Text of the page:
# CSE 13S Assignment 2 A Small Numerical Library solution

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## Description

1 Introduction
Let us change our traditional attitude to the construction of programs.
Instead of imagining that our main task is to instruct a computer what
to do, let us concentrate rather on explaining to human beings what
we want a computer to do.
—Donald Knuth
As we know, computers are simple machines that carry out a sequence of very simple steps, albeit very
quickly. Unless you have a special-purpose processor, a computer can only compute addition, subtraction,
multiplication, and division. If you think about it, you will see that the functions that might interest you
when dealing with real or complex numbers can be built up from those four operations. We use many of
these functions in nearly every program that we write, so we ought to understand how they are created.
If you recall from your Calculus class, with some conditions a function f(x) can be represented by its
Taylor series expansion near some point f(a):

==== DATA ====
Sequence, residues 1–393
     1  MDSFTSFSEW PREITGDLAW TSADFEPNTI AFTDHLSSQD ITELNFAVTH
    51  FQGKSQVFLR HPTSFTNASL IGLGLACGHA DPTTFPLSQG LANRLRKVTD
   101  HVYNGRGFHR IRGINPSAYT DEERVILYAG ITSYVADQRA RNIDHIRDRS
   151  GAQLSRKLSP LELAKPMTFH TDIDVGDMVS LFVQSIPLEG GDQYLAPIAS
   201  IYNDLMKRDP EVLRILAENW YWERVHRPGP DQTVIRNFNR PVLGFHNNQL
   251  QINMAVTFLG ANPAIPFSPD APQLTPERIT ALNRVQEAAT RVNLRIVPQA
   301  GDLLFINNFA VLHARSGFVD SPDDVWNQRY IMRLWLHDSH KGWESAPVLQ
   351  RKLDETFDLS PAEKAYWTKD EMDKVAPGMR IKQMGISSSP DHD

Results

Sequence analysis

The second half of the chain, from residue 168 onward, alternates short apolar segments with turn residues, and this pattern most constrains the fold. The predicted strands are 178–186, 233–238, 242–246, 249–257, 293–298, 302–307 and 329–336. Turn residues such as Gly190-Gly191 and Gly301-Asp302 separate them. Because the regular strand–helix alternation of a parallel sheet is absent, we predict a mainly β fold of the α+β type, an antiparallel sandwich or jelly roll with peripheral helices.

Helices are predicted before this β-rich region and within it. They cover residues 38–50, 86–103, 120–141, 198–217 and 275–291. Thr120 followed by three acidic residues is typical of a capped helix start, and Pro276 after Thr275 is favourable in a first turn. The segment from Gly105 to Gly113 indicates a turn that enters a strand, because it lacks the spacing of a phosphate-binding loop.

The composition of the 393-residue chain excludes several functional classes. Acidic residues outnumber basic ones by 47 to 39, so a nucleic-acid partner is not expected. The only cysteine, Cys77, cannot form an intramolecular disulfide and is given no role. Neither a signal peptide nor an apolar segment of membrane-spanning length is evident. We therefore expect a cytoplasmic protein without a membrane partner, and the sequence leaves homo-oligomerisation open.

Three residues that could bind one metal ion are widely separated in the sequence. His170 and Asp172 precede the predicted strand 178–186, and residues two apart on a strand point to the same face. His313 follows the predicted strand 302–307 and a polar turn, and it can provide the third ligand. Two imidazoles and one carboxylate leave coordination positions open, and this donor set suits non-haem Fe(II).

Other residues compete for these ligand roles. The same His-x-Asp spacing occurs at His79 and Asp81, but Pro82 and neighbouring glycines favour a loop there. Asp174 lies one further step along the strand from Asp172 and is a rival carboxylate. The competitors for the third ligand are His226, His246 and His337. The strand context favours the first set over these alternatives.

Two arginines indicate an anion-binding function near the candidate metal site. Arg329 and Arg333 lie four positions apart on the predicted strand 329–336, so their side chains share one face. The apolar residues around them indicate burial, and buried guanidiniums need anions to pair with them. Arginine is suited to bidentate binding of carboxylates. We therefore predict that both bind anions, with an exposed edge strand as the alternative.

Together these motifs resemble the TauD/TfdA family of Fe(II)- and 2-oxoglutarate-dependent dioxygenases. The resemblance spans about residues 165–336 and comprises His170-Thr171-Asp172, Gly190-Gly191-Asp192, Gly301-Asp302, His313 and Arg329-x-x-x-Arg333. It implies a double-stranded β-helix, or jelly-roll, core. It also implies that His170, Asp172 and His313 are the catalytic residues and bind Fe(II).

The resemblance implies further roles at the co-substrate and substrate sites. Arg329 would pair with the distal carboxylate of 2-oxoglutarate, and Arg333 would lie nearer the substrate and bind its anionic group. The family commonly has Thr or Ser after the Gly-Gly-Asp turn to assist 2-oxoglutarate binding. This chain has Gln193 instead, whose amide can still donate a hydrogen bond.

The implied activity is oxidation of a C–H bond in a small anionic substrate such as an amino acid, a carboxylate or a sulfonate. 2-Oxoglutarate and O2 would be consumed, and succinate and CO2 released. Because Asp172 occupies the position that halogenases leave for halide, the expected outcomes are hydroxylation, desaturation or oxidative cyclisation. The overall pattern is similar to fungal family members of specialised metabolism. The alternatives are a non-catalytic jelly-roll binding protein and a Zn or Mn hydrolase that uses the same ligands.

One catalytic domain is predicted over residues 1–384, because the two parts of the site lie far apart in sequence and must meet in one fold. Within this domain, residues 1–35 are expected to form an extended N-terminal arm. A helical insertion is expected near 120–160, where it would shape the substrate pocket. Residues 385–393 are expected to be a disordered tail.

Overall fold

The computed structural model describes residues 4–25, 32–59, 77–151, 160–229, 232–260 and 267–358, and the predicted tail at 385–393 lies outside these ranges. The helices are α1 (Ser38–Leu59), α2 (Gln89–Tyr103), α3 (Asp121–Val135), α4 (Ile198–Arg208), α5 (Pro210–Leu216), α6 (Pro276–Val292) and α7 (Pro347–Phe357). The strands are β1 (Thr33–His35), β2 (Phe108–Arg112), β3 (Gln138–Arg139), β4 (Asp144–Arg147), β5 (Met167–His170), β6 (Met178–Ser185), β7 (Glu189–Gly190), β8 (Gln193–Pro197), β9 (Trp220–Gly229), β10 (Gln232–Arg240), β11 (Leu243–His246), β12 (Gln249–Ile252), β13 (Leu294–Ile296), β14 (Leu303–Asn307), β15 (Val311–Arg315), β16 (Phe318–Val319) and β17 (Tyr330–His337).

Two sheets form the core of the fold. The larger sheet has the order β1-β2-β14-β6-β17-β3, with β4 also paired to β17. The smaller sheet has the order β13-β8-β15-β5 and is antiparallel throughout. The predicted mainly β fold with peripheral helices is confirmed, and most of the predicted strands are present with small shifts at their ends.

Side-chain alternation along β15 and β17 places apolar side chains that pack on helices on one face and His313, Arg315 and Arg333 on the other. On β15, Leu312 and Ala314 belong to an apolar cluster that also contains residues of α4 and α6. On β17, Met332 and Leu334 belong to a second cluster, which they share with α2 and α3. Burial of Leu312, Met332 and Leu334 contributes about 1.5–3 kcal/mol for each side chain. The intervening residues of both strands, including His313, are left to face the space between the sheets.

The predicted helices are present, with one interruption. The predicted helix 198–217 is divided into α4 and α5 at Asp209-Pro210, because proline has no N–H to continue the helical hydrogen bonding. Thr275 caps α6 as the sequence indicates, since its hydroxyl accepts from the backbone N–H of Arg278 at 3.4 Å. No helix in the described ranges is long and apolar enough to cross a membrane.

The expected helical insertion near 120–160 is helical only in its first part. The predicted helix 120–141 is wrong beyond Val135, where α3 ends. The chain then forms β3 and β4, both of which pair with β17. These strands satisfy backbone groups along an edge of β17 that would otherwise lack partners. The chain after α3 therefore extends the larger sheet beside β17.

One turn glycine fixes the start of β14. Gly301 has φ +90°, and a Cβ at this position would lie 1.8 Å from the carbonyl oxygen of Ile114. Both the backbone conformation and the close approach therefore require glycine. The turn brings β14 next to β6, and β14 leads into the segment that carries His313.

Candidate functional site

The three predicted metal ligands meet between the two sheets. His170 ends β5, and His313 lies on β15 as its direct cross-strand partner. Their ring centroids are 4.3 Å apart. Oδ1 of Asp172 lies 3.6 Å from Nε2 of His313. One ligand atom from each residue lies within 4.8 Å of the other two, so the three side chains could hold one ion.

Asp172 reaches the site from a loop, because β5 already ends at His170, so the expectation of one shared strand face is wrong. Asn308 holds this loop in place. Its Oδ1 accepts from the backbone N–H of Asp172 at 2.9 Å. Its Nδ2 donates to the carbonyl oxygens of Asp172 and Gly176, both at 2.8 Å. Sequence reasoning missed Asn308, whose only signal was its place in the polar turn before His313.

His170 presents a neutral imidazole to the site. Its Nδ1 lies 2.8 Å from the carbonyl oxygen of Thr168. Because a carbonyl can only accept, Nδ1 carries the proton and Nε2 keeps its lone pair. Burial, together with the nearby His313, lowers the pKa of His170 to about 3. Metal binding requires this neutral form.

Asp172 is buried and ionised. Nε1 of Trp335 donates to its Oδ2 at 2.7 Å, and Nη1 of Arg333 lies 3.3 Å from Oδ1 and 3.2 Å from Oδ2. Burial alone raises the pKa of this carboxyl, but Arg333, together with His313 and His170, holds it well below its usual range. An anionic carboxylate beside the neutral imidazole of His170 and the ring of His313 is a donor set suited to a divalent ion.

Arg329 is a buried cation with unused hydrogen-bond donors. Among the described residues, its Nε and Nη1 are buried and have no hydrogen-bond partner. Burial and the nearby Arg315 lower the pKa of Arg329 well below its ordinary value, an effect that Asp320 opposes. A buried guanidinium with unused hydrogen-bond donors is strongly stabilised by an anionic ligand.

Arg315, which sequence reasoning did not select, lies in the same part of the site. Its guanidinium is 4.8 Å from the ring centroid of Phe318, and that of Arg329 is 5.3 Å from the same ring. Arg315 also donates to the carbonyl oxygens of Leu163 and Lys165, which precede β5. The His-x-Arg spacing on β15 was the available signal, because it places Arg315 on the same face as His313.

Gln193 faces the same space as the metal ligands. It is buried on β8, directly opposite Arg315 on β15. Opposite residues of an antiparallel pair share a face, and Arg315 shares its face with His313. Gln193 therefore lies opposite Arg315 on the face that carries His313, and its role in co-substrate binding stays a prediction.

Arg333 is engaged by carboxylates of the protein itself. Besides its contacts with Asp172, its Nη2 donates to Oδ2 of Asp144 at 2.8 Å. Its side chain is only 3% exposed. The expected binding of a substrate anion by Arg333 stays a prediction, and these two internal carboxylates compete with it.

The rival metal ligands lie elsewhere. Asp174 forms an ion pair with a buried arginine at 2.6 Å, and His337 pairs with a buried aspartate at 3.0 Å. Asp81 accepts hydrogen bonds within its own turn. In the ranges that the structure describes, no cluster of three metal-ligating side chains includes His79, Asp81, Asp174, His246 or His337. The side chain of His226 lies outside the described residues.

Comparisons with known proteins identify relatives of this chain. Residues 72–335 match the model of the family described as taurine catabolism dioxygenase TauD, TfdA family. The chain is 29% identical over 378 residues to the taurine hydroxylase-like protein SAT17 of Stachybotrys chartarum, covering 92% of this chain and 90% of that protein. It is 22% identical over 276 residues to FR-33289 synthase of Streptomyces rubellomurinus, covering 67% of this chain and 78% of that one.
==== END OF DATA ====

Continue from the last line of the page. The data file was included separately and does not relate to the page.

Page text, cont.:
f(x) = f(a)+∑∞
k=1
f
(k)
(a)
k!
(x−a)
k
.
Note: when you see Σ, you should generally think of a for loop.
If you have forgotten (or never taken) Calculus, do not despair. Attend a laboratory section for review:
the concepts required for this assignment are just derivatives.
Since we cannot compute an infinite series, we must be content to calculate a finite number of terms. In
general, the more terms that we compute, the more accurate our approximation. For example, if we expand
to 10 terms we get:
f(x) = f(a)+ f
(1)
(a)
1!
(x−a)
1 +
f
(2)
(a)
2!
(x−a)
2 +
f
(3)
(a)
3!
(x−a)
3 +
f
(4)
(a)
4!
(x−a)
4
+
f
(5)
(a)
5!
(x−a)
5 +
f
(6)
(a)
6!
(x−a)
6 +
f
(7)
(a)
7!
(x−a)
7 +
f
(8)
(a)
8!
(x−a)
8
+
f
(9)
(a)
9!
(x−a)
9 +O((x−a)
10).
Note: k! = k(k−1)(k−2)×…×1, and by definition, 0! = 1.